A three judge bench of the Supreme Court of India, while hearing a reference made by a two-judge bench, has held that “in transfer petition, video conferencing cannot be directed”. The aforesaid view was taken by Chief Justice of India Dipak Mishra and Justice AK Khanwilkar. Justice DY Chandrachud favoured the use of modern technology and dissented.
Three judge bench overruled the earlier judgment of a two-judge bench in Krishna Veni Nagam v. Harish Nagam, which had led the practice of Supreme Court referring the parties to participate in the matrimonial dispute cases through video conferencing, when the parties approached the Court for transfer of their matters. The three judge bench has held that “the statement of law made in Krishna Veni Nagam if either of the parties gives consent, the case can be transferred, is absolutely unacceptable”. This judgment has however been overruled prospectively and shall not affect the judgments passed following the two judge bench judgment.
The three judge bench in Santhini v. Vijaya Venketesh – Transfer Petition (Civil) No. 1278 of 2016 and Santhini v. Vijaya Venketesh – Transfer Petition (Civil) No. 422 of 2017 has held:
i. In view of the scheme of the 1984 Act and in particular Section 11, the hearing of matrimonial disputes may have to be conducted in camera.
ii. After the settlement fails and when a joint application is filed or both the parties file their respective consent memorandum for hearing of the case through videoconferencing before the concerned Family Court, it may exercise the discretion to allow the said prayer.
iii. After the settlement fails, if the Family Court feels it appropriate having regard to the facts and circumstances of the case that videoconferencing will sub-serve the cause of justice, it may so direct.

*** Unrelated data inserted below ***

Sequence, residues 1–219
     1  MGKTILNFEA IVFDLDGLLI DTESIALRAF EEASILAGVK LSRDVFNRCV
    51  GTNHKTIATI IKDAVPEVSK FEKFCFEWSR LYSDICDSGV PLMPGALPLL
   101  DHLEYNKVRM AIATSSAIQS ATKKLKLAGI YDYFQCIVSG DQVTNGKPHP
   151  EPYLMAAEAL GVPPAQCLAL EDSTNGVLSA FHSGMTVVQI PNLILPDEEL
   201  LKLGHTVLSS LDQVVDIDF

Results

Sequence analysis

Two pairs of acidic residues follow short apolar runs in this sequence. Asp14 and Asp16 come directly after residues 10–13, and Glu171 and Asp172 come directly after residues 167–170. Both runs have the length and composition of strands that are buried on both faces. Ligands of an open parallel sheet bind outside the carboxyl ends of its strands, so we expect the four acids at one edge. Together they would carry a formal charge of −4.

iv. In a transfer petition, video conferencing cannot be directed.
v. Our directions shall apply prospectively.
vi. The decision in Krishna Veni Nagam (supra) is overruled to the aforesaid extent.
The three-judge bench was assisted by senior advocate Ajit Kumar Sinha.
A two-Judge Bench of the Supreme Court had in a transfer petition seeking transfer of a matrimonial dispute case under Section 13 of the Hindu Marriage Act, 1955 IInd Presiding Judge, Family Court, Jabalpur, Madhya Pradesh to the Family Court, Hyderabad, Andhra Pradesh, in Krishna Veni Nagam v. Harish Nagam, ordered:
18. We, therefore, direct that in matrimonial or custody matters or in proceedings between parties to a marriage or arising out of disputes between parties to a marriage, wherever the defendants/respondents are located outside the jurisdiction of the court, the court where proceedings are instituted, may examine whether it is in the interest of justice to incorporate any safeguards for ensuring that summoning of defendant/respondent does not result in denial of justice. Order incorporating such safeguards may be sent along with the summons. The safeguards can be:-
i) Availability of video conferencing facility.
ii) Availability of legal aid service.
iii) Deposit of cost for travel, lodging and boarding in terms of Order XXV CPC.
iv) E-mail address/phone number, if any, at which litigant from out station may communicate.